The Three Degrees - "The Runner"
The Three Degrees are a girl group who I also only know about because Moroder produced a bunch of their hits. They were doing Philly Soul in the '60s, and I think still exist in some form or another now. Their heyday was during the late '70s when they made some hard-ass disco with Moroder. It's really a toss up for me between this and "Giving Up, Giving In," but I had to make a choice.
The Sparks - "Tryouts for the Human Race"
I only heard of the Sparks after getting addicted to all things Giorgio, and I hunted voraciously for everything I could find. I can't say that I like the stuff that is not Moroder produced, but maybe you will so check them out. Don't always just listen to what I say. This album has any number of tracks that could arguably be on this list, but this one is ace. It's got that great build at the beginning and it just expands in scope as the track goes on. Pay attention to the layers that Giorgio weaved into this track; it's crazy.
Giorgio - "I Wanna Rock You"
This is from the album E=MC² that dropped in 1979. I like it less than From Here To Eternity because he does this high voice thing throughout the whole album. I don't know, maybe he was trying to copy the Bee Gees because they were a big deal at the time? In any case, it's still a great album and this is my favorite song from it. I saw a video that came out while Moroder was working on the album, and it was interesting to see what producing electronic music was like back in 1979. Basically you needed a laboratory.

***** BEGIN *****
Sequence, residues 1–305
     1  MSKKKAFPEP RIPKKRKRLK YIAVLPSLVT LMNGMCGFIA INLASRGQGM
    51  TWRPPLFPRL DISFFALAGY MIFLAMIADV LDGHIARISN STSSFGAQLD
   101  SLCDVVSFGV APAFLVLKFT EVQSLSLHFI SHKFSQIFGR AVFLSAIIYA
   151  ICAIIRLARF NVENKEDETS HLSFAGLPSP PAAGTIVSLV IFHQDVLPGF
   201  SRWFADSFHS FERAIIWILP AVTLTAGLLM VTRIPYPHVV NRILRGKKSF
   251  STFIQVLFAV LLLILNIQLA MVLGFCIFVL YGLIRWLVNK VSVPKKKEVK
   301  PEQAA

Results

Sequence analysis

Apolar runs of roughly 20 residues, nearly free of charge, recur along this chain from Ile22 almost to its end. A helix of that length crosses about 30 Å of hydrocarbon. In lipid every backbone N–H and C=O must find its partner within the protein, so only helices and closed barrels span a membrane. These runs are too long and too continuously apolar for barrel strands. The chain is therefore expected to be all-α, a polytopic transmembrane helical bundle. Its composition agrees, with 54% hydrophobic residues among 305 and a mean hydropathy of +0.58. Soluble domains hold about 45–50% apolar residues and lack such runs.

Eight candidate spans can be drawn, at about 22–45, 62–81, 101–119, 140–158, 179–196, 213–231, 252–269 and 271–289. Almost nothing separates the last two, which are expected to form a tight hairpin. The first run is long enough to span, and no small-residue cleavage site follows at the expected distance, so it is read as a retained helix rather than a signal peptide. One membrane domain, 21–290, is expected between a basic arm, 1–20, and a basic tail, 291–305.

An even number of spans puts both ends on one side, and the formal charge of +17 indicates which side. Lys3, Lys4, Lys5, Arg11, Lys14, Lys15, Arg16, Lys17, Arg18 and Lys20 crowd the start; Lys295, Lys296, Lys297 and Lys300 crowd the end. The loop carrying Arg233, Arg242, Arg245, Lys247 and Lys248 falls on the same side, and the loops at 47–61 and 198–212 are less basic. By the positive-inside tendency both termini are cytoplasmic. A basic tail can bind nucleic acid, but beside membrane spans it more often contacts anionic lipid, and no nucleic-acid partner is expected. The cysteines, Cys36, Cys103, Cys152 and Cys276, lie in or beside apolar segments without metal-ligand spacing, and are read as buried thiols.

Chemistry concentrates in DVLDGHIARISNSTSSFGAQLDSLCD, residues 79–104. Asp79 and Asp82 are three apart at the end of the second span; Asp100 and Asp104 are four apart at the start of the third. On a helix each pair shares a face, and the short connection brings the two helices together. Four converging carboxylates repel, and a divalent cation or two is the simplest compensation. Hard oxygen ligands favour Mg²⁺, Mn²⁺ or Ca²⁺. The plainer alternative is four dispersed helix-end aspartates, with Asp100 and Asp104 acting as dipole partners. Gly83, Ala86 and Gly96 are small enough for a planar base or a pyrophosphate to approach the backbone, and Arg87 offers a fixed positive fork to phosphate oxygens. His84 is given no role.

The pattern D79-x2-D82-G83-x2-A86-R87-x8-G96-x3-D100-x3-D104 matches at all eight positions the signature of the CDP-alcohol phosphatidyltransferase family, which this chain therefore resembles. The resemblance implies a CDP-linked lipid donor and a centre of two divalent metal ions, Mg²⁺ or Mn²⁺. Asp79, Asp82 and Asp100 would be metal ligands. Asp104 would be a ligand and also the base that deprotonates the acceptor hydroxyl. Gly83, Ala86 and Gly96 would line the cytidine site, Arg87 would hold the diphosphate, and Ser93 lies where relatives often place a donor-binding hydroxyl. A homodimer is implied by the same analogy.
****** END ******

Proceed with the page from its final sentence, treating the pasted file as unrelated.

Japan - "Life in Tokyo (12 Inch Version)"
Japan is a new wave group from England that had modest success in the late '70s/early '80s. I don't really know much about them. I don't really know if there is that much to know about them. All I know is that Moroder produced this one track of theirs in 1979 and I like it. It's got this hypnotic way about it that gets to you without you realizing and next thing you know eight minutes have gone by and you're like "OK, this is good." It kinda just drills itself into your head, just like life in Tokyo, I guess.